Texting While Driving: Does the New Law Work Among Healthcare Providers?

Anitha E. Mathew, MD, MPH; Debra Houry, MD, MPH; Christopher J. Dente, MD; Jeffrey P. Salomone, MD

Disclosures

Western J Emerg Med. ;15(5):604-608. 

In This Article

Abstract and Introduction

Abstract

Introduction: This study assessed whether Georgia Senate Bill 360, a statewide law passed in August 2010, that prohibits text messaging while driving, resulted in a decrease in this behavior among emergency medicine (EM) and general surgery (GS) healthcare providers.

Methods: Using SurveyMonkey®, we created a web-based survey containing up to 28 multiple choice and free-text questions about driving behaviors. EM and GS healthcare providers at a southeastern medical school and its affiliate county hospital received an email inviting them to complete this survey in February 2011. We conducted all analyses in SPSS (version 19.0, Chicago, IL, 2010), using chi-squared tests and logistic regression models. The primary outcome of interest was a change in participant texting or emailing while driving after passage of the texting ban in Georgia.

Results: Two hundred and twenty-six providers completed the entire survey (response rate 46.8%). Participants ranged in age from 23 to 71 years, with an average age of 38 (SD=10.2; median=35). Only three-quarters of providers (n=173, 76.6%) were aware of a texting ban in the state. Out of these, 60 providers (36.6%) reported never or rarely sending texts while driving (0 to 2 times per year), and 30 engaged in this behavior almost daily (18.9%). Almost two-thirds of this group reported no change in texting while driving following passage of the texting ban (n=110, 68%), while 53 respondents texted less (31.8%). Respondents younger than 40 were more than twice as likely to report no change in texting post-ban compared to older participants (OR=2.31, p=0.014). Providers who had been pulled over for speeding in the previous 5 years were about 2.5 times as likely to not change their texting-while-driving behavior following legislation passage compared to those without a history of police stops for speeding (OR=2.55, p=0.011). Each additional ticket received in the past 5 years for a moving violation lessened the odds of reporting a decrease in texting by 45%. (OR=0.553, p=0.007).

Conclusion: EM and GS providers, particularly those who are younger, have received more tickets for moving violations, and with a history of police stops for speeding, exhibit limited compliance with distracted driving laws, despite first-hand exposure to the motor vehicle crashes caused by distracted driving.

Introduction

An estimated 25% of motor vehicle crashes in the United States are caused by distracted driving,[1] and fatalities from distracted driving increased by 28% from 2005 to 2008.[2] Novice and experienced drivers alike demonstrate decreases in driving performance while using phones,[3] often demonstrating similar levels of violations as those who are driving while intoxicated.[4] While 12% of people self-report texting while driving,[5] the increase in texting volumes between 2001 and 2007 has resulted in over 16,000 additional motor vehicle fatalities.[2] Drivers who text make an increased number of errors, such as responding more slowly to the onset of brake lights and impairment in forward and lateral driving control, sustaining more crashes than drivers who do not text.[6–9] Texting has been shown to be more dangerous than other forms of distracted driving, such as talking on the phone.[10]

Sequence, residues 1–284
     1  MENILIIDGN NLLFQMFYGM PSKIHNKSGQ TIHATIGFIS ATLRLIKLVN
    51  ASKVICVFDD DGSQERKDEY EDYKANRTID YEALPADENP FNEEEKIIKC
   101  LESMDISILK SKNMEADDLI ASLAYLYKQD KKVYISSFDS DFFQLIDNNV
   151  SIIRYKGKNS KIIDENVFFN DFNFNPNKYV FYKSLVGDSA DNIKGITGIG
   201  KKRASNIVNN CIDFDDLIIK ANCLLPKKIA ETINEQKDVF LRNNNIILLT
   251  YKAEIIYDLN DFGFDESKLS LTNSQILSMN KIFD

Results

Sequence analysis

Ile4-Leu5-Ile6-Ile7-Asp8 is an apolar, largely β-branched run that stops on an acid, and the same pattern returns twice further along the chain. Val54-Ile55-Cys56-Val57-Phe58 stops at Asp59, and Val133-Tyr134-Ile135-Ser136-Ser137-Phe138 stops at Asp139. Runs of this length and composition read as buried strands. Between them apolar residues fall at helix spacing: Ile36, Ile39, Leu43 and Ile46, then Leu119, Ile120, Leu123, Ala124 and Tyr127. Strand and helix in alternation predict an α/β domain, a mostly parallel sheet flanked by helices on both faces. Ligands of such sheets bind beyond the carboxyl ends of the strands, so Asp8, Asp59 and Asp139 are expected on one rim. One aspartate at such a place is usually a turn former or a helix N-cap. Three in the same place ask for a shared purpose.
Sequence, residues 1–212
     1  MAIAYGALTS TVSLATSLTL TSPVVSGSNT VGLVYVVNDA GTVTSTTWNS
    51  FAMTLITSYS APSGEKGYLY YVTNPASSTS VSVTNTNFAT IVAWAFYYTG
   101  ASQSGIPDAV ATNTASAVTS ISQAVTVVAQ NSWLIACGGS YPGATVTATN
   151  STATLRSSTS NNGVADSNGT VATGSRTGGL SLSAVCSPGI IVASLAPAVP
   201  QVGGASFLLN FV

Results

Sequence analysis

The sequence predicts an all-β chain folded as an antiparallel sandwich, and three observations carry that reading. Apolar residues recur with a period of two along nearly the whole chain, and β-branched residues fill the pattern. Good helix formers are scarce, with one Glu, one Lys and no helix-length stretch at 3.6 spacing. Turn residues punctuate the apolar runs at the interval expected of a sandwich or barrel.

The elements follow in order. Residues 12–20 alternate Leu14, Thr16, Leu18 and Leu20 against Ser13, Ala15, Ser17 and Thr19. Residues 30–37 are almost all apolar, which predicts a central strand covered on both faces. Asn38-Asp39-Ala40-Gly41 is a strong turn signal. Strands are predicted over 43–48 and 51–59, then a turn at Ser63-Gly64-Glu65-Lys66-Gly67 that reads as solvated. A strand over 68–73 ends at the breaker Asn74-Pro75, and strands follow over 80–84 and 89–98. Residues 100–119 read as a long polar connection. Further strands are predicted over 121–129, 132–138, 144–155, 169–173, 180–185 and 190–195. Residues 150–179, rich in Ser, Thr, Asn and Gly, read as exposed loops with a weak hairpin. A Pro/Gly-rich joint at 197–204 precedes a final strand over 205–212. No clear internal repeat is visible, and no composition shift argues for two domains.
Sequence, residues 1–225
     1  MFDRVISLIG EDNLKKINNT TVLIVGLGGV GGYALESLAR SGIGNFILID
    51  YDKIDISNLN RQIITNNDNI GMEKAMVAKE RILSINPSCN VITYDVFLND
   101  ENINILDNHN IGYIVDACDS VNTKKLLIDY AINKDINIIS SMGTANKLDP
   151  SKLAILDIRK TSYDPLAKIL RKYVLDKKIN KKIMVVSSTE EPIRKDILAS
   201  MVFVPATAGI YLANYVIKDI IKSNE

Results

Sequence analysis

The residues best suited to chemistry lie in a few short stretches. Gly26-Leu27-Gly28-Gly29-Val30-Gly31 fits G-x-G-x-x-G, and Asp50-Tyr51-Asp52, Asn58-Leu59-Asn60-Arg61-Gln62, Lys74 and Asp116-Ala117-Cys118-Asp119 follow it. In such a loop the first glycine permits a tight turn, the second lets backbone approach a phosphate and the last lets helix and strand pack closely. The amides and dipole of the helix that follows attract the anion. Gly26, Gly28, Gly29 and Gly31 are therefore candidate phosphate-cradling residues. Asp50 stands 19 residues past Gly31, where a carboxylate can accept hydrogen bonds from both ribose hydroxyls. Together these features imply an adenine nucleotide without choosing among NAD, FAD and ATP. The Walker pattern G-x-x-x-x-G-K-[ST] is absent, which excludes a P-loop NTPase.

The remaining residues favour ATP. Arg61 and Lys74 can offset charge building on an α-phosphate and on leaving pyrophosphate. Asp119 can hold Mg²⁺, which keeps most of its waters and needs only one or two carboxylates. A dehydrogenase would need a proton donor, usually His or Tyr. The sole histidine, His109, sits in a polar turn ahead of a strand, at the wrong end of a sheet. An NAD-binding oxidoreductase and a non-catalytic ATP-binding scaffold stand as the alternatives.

To date, 39 states and the District of Columbia have enacted distracted driving laws, with several more considering adoption.[11–12] Georgia Governor Sonny Perdue approved the passage of a state law that effectively banned texting while driving, beginning in July 2010 However, this law's actual role in deterring texting behind the wheel is questionable at best, with no studies so far demonstrating a valid effect since the law's inception and very few citations issued since.

As first-hand witnesses to injuries and fatalities as a result of motor vehicle crashes, emergency medicine and general surgery physicians, mid-level providers and nurses are well aware of the bodily risks associated with distracted driving. Emergency medicine (EM) providers are critical to educating patients about the dangers of texting while driving, as they are often the first to treat victims of motor vehicle collisions that could be caused by distracted driving. Personal texting behavior likely has a significant correlation with patient counseling on similar behaviors, as previous studies have shown that physicians with poor personal health behaviors, such as tobacco or alcohol use, lack of exercise, and lower rates of seatbelt use, are less likely to counsel their patients about these health practices.[13] With the initiation of Georgia's ban on texting while driving, it is unclear whether this law will actually have its intended effect of decreasing the prevalence of texting behind the wheel, particularly among healthcare providers who are vital in providing counseling to at-risk patients.

The aim of this study was to evaluate if the passage of Georgia Senate Bill 360, which prohibits text messaging while driving, effectively decreased the incidence of texting while driving among emergency medicine and general surgery providers. Secondary aims were to determine if texting behavior varies with gender, age, time spent driving daily, position, occurrence of previous moving violations, texting and emailing frequency, and attitudes towards this behavior. We assessed survey responses for a change in self-reported texting while driving after the passage of the law.

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